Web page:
It's been a good year with the Infiniti JX35, but unfortunately it's time to return this luxury SUV to its home. In almost 29,000 miles, this nicely appointed seven-seater has left a good impression with everyone who's driven it. We hate to let it go.
After getting out of my long-term Honda Odyssey last year, I was looking forward to shedding the "soccer mom" image and hopping into something with a little more style. At a base price of $42,500, the JX35 definitely has style, with a more refined nose than its bigger brother, the QX56 (which I had nicknamed Baby Beluga, and now is badged the QX80). Including all the options ($4950 Premium package, $3100 Technology package, $2550 Deluxe Touring package, and the $1700 Theater package), our Infiniti's total price went up to $54,800. For that money, the JX35 is certainly a step up in style. Starting with the 2014 model year, the crossover is now called the Infiniti QX60 and is also offered as a hybrid.
Driving the JX35 was, for the most part, a stress-free experience. The electro-hydraulic steering was light and responsive, and the four-wheel disc anti-lock brakes were strong and predictable. My one issue with the vehicle was the throttle response. The Infiniti Drive Mode Selector allows different settings for Sport, Snow, and Eco modes, but the CVT transmission often seemed to be searching for the right ratio. There were many times when the JX, which weighed 4419 pounds, felt a bit heavy for its 3.5-liter V-6. Entering the freeway with the Infiniti loaded with gear produced a loud roar from under the hood, but the rate of acceleration didn't justify all that noise.
The interior, which looks plush and inviting in Java-tinted leather and maple and brushed-aluminum trim, hardly leaves anything to be desired. The first-row seats are heated and cooled, while the second-row seats are heated. The 7-inch color screen up front displays GPS navigation; artist and song info for Sirius XM radio, iPod, and HD FM stations; and vehicle maintenance information and settings. Second-row passengers can adjust their own HVAC temperatures while watching a DVD on the 7-inch color monitors embedded in the back of the front-seat headrests. They even get their own car charger and AC plug ports.
My main gripe with the interior was with the center stack. The arrangement of buttons was not all that intuitive, nor was the selection of functions that were given hard buttons versus touch-screen activation. Even after a year in the JX, I hadn't built the muscle memory for the location of certain buttons -- why is Climate way over on the passenger side? Sigh. RTFM.
The JX has the ability to tote two additional passengers in the third-row seats. While I wouldn't suggest using these seats for a road trip (at least not for adults), they work in a pinch when you and six of your closest friends are going out for the evening. And since the second-row seats (split 60/40) slide fore and aft, legroom can be improved for the third row. The extra seating helps offset the less-than-stellar 20-mpg average.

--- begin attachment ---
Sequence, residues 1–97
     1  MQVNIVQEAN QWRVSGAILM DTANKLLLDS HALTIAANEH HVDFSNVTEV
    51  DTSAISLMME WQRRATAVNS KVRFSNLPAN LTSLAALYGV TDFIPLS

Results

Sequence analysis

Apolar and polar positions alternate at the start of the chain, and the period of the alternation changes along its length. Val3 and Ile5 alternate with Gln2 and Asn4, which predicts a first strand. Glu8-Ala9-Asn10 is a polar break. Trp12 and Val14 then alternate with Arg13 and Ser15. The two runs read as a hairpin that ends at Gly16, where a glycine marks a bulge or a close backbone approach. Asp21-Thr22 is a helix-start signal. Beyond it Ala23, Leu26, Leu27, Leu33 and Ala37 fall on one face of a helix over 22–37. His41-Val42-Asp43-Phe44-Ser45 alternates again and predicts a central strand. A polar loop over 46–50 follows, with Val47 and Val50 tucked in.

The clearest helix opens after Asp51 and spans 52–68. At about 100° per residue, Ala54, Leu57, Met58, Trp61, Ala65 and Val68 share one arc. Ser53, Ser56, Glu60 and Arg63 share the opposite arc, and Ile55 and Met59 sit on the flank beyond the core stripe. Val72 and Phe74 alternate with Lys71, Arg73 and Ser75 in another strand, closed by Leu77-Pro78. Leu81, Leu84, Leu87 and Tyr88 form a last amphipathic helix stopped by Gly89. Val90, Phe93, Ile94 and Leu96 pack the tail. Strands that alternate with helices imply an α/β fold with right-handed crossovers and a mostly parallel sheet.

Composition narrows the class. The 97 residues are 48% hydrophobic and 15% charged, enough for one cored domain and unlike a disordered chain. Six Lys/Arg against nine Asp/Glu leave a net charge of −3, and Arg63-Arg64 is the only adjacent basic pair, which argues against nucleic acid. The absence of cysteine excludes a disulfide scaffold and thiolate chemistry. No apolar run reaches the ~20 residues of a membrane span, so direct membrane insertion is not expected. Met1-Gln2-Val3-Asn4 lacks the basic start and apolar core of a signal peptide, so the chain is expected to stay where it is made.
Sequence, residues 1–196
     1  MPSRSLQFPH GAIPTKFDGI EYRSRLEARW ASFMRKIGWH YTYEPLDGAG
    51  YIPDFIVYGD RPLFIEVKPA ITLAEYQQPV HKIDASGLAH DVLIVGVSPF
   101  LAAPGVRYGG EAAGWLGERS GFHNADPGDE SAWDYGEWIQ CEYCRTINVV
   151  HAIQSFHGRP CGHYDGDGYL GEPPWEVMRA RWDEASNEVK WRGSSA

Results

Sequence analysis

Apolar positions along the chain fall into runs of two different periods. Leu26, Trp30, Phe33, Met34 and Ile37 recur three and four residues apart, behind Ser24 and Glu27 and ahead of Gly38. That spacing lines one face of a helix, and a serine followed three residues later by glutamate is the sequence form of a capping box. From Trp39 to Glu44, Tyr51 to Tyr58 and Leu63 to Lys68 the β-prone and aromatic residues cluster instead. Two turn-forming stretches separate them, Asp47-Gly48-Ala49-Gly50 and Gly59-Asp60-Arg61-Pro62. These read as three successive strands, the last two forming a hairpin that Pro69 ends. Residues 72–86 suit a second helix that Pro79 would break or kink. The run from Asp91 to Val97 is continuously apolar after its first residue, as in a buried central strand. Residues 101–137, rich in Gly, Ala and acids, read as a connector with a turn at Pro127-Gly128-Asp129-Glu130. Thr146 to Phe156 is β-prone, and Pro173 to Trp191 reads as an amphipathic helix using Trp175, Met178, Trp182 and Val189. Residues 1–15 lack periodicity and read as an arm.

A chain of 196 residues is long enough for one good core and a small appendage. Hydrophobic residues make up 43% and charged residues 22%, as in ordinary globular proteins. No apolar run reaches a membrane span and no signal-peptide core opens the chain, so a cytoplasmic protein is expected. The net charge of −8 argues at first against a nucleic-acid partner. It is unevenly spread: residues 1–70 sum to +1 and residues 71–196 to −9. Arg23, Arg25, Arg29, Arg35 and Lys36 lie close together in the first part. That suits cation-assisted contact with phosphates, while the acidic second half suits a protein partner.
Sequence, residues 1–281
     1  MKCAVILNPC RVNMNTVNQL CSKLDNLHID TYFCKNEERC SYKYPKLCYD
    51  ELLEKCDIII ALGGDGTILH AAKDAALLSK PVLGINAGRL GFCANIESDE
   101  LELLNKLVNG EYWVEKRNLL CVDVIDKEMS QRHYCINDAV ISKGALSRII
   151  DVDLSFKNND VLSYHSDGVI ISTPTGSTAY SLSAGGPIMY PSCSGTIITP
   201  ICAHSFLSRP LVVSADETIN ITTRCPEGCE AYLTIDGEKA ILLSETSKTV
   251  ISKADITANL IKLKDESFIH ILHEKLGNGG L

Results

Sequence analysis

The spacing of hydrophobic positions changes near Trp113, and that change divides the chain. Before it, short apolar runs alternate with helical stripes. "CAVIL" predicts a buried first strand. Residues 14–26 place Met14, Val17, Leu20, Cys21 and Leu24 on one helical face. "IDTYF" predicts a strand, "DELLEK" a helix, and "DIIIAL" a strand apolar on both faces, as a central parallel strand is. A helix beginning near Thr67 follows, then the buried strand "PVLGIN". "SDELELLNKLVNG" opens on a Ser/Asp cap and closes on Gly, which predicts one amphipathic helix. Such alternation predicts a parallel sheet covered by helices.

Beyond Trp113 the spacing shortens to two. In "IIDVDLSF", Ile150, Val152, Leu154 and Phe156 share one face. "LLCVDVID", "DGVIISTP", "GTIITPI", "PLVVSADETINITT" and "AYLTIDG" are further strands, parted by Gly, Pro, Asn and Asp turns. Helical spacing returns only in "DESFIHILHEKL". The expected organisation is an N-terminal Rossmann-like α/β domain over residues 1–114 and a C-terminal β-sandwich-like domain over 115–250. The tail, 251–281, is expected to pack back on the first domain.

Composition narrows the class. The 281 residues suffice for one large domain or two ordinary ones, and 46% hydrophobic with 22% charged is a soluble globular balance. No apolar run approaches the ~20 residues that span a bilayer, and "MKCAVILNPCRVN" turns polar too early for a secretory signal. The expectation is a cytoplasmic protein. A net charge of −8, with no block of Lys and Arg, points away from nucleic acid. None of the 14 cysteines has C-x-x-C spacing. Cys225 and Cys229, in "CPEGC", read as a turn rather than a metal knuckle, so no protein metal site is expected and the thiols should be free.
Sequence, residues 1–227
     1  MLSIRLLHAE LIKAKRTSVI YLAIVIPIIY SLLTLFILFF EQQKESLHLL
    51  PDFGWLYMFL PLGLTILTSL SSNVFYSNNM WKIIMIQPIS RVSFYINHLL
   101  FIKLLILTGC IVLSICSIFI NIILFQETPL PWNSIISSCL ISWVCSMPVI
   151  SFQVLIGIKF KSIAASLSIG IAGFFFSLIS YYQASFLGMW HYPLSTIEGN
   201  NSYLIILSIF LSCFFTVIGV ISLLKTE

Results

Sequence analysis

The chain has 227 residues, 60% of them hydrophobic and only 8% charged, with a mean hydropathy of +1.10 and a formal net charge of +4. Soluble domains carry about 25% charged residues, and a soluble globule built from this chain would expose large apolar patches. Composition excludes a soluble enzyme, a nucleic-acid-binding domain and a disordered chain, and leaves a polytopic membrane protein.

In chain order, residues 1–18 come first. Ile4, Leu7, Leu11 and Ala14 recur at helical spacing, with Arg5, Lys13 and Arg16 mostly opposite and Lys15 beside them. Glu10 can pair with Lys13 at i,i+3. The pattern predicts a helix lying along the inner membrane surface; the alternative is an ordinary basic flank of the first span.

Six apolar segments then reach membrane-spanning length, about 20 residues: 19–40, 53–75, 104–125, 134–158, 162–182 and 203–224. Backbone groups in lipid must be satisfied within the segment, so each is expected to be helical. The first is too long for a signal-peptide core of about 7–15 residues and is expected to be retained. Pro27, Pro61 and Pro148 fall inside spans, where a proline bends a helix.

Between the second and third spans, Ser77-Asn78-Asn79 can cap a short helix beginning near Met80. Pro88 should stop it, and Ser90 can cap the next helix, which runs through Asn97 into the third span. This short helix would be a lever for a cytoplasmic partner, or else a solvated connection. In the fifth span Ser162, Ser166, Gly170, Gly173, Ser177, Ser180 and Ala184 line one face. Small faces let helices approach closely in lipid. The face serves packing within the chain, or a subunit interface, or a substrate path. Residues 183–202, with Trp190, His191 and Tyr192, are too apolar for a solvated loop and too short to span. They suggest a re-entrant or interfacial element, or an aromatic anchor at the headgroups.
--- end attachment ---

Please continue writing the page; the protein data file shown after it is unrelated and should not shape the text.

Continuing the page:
The JX is no slouch when it comes to safety features. I have become so used to Intelligent Cruise Control that normal cruise control feels downright dangerous. I began taking for granted some of the more innovative features that come with the Technology Package, such as Back-Up Collision Intervention and Intelligent Brake Assist. The Forward Collision Warning and Lane Departure Warning and Prevention felt a bit over-nagging at times, although there were occasions when they might have prevented a fender bender. On the other hand, a few features went almost completely unused, including remote engine start and the heated steering wheel. (I think I used that once.)
Service intervals at 7500 miles meant three trips to the dealership for regular maintenance: three oil changes; two tire rotations; a cabin-air and engine filter change; inspection of suspension, brakes, engine, and belts; and topping off the fluids and tire pressure. The total spent for those three visits was $464.43. The only issue we had outside its regular maintenance was with the rear hatch not staying open when in power door mode. The dealership adjusted a door sensor, and all was well thereafter.
Aside from a few minor annoyances, overall I was really happy with the Infiniti JX35. I will especially miss the backup sensors and around-view monitor, which made parking the JX easier than in any other vehicle I've driven. Even living in Southern California, I will miss those heated seats. The powered rear hatch was always convenient (aside from its beeping), and I always knew I had enough room for everyone to carpool to lunch. A few refinements to the engine/transmission combo and dash layout are about all we were left wanting in this well-rounded vehicle. It certainly fit the bill for shedding my minivan image.
| Our Car |
| Service Life || 14 mo/28,896 mi |
| Base Price || $42,500 |
| Options || Premium Package ($4950: 8-in center touch screen, navigation, around view monitor), Technology Package ($3100: intelligent cruise, lane keeping, remote start, blind-spot monitoring), Deluxe Touring Package ($2550: 20-in wheels, moonroof, heated 2nd-row seats), Theater Package ($1700: dual 2nd-row screens, wireless headphones) |
| Price as Tested || $54,800 |
| Avg Econ/CO2 || 18.6 mpg / 1.04 lb/mi |
| EPA City/Hwy/Comb Fuel Econ || 18/23/20 mpg |
| Average Fuel Economy || 18.6 mpg |
| Problem Areas || None |
| Maintenance Cost || $464.43 (3-oil change, inspection; 2-tire rotation; 1-cabin: air filter, engine: air filter) |
| Normal-Wear Cost || $0 |
| 3-Year Residual Value* || $28,496 |
| Recalls || ABS software, fuel transfer tube, passenger airbag sensor |